Bueno said she braved the crowd and the weather because the feast day is important to her.
“It feels so nice to be here to pray, and it's her birthday,” Bueno said of Our Lady. “It's a tradition, and it's respectful of her.”
Color and symbolism
The rose bouquets carried by many in the crowd provided ample pops of color during the festivities. The rose bearers set them near an altar area where images of Our Lady of Guadalupe had been arranged.
Matachine dancers, performing in colorful red and white finery, brought smiles to the eyes of those who gathered inside and outside the school gymnasium and church.
They danced with enthusiasm, many with “clappers” on their feet to stomp out evil and “awaken” Our Lady of Guadalupe, also called the Virgin of Guadalupe.
The folk dance, called “los matachines,” continues a tradition that 16th-century Spanish missionaries brought to Mexico, where it became a fixture at public and private celebrations, particularly those honoring Our Lady of Guadalupe.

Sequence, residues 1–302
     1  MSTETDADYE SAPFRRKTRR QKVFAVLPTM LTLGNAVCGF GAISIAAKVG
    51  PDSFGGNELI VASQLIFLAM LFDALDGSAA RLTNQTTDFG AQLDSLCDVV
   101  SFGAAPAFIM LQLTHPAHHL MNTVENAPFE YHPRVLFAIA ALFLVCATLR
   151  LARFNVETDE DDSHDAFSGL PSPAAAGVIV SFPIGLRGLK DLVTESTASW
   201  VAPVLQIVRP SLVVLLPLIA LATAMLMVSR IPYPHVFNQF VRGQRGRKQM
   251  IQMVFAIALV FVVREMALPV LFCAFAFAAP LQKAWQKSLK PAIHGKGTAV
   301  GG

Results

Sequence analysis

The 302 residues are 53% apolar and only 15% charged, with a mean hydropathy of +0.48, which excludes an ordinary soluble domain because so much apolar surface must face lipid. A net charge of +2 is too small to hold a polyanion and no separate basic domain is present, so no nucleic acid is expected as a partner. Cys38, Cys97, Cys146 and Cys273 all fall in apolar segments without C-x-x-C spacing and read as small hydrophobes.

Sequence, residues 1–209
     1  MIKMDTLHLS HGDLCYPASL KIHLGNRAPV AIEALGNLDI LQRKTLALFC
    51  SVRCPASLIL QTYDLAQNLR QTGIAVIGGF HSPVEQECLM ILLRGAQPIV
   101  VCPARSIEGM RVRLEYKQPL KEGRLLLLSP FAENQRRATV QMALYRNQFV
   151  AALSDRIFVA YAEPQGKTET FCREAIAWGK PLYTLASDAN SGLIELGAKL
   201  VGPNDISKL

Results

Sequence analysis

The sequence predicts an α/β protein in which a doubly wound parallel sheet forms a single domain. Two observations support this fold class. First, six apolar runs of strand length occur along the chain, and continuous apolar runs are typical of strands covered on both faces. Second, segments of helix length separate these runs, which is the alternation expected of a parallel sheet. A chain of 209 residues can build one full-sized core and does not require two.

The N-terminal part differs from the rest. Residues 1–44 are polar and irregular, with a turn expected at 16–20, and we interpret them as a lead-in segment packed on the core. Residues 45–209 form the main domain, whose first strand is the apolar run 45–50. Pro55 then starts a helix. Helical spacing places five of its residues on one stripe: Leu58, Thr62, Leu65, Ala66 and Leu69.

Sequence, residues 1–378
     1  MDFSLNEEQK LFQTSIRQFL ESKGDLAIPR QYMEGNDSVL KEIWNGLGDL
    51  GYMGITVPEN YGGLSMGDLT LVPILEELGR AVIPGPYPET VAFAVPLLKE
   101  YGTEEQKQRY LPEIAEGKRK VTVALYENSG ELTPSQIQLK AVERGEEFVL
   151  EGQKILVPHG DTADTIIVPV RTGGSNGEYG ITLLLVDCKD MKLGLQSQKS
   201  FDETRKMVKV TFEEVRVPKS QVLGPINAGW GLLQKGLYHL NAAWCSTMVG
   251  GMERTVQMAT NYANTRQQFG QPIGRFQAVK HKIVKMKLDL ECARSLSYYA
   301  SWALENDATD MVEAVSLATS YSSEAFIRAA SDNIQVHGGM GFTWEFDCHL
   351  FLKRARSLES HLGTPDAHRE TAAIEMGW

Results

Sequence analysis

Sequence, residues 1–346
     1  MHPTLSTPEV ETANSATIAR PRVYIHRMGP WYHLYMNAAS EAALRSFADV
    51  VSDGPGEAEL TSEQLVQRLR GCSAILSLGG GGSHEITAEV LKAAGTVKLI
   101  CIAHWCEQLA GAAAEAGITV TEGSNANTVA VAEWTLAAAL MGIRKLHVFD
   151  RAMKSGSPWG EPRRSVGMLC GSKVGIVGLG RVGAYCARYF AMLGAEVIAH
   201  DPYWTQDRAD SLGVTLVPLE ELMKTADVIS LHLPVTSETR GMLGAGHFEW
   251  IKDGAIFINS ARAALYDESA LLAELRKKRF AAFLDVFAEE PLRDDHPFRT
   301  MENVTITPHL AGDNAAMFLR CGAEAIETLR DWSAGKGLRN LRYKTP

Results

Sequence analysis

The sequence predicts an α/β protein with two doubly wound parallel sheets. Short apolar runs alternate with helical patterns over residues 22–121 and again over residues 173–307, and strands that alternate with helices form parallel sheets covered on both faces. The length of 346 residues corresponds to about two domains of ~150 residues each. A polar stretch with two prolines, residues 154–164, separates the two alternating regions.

‘An act of love'
Moreno said the large crowd that gathered for the popular feast day activities is an indicator of the growing pains of many predominantly Hispanic parishes within the archdiocese. The archdiocese encompasses two-thirds of the state, while the Tulsa Diocese includes Tulsa and eastern Oklahoma.
Moreno said Archbishop Coakley has established a Metro Hispanic Committee to help come up with solutions to overcrowding at parishes like Sacred Heart. Moreno, a member of the committee, said some solutions are obvious, such as having more parishes celebrate Mass in Spanish and asking churches that only offer one Spanish Mass to offer a second one.
He said the solution may come down to building a new church or churches to deal with the growing Hispanic population.
“The archbishop says this has to be solved,” Moreno said.
“Basically it's an act of love — you make room for those you love.”